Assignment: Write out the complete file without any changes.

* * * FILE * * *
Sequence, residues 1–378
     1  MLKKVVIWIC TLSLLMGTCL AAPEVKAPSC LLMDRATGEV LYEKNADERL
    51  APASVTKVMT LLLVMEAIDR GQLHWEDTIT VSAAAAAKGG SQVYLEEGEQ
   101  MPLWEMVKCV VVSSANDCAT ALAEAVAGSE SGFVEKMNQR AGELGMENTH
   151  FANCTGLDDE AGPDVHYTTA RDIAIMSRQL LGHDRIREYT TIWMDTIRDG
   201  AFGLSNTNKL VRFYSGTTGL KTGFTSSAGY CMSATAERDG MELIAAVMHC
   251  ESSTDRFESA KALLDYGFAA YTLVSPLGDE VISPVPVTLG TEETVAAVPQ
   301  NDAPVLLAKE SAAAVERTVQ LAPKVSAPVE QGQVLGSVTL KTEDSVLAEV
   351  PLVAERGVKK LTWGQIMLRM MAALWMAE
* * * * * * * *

Sequence, residues 1–378
     1  MLKKVVIWIC TLSLLMGTCL AAPEVKAPSC LLMDRATGEV LYEKNADERL
    51  APASVTKVMT LLLVMEAIDR GQLHWEDTIT VSAAAAAKGG SQVYLEEGEQ
   101  MPLWEMVKCV VVSSANDCAT ALAEAVAGSE SGFVEKMNQR AGELGMENTH
   151  FANCTGLDDE AGPDVHYTTA RDIAIMSRQL LGHDRIREYT TIWMDTIRDG
   201  AFGLSNTNKL VRFYSGTTGL KTGFTSSAGY CMSATAERDG MELIAAVMHC
   251  ESSTDRFESA KALLDYGFAA YTLVSPLGDE VISPVPVTLG TEETVAAVPQ
   301  NDAPVLLAKE SAAAVERTVQ LAPKVSAPVE QGQVLGSVTL KTEDSVLAEV
   351  PLVAERGVKK LTWGQIMLRM MAALWMAE